Second, CS’s understanding of culture stresses social practice (Williams 1981: 64–50), a notion also endorsed by Geertz (1973).3 That is, culture does not consist in some fixed and essential structure. Rather, human activity has a pivotal role in producing, maintaining and transforming it. People and things are cultural, but they are so only because they are always involved in the carrying out of practical tasks in life. People create, reproduce, change and utilize cultural reality – symbols, beliefs, facts, or whatever – by performing various forms of social action. That also implies that all reality, be it self, identity, race, gender, or whatever, is a cultural construction.
Third, the social action that forms, sustains and develops culture is accomplished through use of various symbol systems or symbolic action more generally. People use various sorts of tools and methods – such as art, music, science, religion and linguistic communication – to construct and act upon experience or reality; all the devices that people use, all the representations they produce and all the actions they perform become symbolic, that is, expressing meanings and being assigned meanings.
Fourth, CS’s definition emphasizes that culture is patterned and diversified (as is the social practice that makes it up). Culture is patterned in that it can be seen as a collective property of groups of people in particular types of context and that it can guide individual action (see below). It is diversified, however, in that culture, as patterned ways of constructing reality and acting upon it, may not match one another. Cultures may have their own and so different ways of looking at the world or, better, worlds, and different ways of acting upon them. Different cultures may even be irreconcilable, because cultures have the intrinsic spirit or force to reinvent and refashion themselves (Taylor 1999).
Finally, culture, as collective patterns of thinking, speaking and acting, is not independent of individual persons and subgroups acting to reproduce, sustain and transform it. Culture on the one hand and the person and subgroups on the other are dialectically linked: the former guides the latter in social practice and at the same time is reproduced, maintained and changed by the latter. Further, there is also a possible multiplicity and dynamics of subject positions and ways of meaning articulation to recreate culture and identity (Butler 1992). Consequently, culture is not stable or homogeneous, but dynamic and creative. A new generation in a culture, for example, does not merely passively acquire cultures through the authority of parents and the educational system, but, as a socio-genetic human developmental process (Valsiner 1989), may refashion cultural landscapes.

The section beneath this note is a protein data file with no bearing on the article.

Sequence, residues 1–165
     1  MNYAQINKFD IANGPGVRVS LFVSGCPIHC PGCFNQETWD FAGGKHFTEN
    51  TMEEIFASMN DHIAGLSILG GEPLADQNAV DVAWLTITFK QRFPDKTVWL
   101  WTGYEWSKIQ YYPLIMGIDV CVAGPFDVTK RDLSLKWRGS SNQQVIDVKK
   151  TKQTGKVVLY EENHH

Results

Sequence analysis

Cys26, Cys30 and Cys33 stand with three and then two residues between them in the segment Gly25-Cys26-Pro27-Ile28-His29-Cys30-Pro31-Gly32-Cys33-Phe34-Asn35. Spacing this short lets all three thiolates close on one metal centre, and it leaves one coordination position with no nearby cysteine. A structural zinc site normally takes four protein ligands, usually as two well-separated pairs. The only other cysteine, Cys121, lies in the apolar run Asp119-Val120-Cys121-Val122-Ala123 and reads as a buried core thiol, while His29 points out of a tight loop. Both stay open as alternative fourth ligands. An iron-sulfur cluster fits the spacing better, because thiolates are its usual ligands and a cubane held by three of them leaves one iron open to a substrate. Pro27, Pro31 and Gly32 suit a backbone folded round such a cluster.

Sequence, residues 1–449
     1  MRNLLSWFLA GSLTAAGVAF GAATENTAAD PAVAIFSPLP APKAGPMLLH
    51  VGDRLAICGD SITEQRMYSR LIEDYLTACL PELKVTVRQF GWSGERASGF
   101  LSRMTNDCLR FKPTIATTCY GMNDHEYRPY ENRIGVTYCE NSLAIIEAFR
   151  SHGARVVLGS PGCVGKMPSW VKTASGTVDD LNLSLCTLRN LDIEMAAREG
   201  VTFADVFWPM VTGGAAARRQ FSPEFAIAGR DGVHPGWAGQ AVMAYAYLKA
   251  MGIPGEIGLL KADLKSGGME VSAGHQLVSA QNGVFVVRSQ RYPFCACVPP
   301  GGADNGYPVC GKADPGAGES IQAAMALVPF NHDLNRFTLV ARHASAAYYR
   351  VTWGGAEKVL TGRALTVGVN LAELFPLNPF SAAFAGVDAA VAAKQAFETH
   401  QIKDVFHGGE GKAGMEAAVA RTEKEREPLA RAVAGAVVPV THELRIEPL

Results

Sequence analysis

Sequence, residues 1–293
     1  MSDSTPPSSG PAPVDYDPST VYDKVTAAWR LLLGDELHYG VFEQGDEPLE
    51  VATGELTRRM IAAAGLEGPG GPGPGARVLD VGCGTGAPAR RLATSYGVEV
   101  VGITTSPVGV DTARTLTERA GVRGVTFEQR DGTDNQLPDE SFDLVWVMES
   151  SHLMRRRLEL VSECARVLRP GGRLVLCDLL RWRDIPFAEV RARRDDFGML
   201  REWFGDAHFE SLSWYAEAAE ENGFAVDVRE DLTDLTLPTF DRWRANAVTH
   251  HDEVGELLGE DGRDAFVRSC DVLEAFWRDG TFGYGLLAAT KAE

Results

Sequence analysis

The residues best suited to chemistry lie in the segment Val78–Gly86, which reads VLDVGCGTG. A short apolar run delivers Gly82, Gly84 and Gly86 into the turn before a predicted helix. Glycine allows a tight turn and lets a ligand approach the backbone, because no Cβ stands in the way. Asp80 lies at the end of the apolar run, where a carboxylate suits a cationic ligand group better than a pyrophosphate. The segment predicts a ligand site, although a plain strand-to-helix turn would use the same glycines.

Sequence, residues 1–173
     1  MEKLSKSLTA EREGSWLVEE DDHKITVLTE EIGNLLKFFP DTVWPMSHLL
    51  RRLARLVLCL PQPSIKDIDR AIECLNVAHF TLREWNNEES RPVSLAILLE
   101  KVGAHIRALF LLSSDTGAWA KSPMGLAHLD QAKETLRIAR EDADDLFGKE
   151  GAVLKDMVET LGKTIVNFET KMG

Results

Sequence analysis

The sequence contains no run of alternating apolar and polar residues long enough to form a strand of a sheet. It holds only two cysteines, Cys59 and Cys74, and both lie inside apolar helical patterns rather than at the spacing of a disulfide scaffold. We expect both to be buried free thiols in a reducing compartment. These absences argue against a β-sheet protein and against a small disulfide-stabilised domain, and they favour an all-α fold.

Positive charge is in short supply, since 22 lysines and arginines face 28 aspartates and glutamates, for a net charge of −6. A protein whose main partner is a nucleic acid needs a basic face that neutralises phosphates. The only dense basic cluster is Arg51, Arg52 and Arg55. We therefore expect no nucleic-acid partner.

Post-colonialism and diasporicism: culture as history and hybridity
Post-colonialism, on the one hand, is a broad intellectual current that proceeds from the view that the present world order or condition is part and continuation of the historical, Europe-initiated, colonialism and subsequently neocolonialism or, more broadly, imperialism (Harrison 2003; Said 1993; Young 2001). The central feature that runs through this historical imperial process is the domination, repression and discrimination by the American/European West against the Rest. Accordingly, post-colonialism insists on a political intellectual strategy to deconstruct, subvert or neutralize the hierarchical and hegemonic practices and relationships existing between the ‘centre’ and ‘periphery’, the ‘core’ and ‘exterior’, the colonizer and the (de)colonized, and so on, by relating these repressive practices and relationships to that brutal historical context.4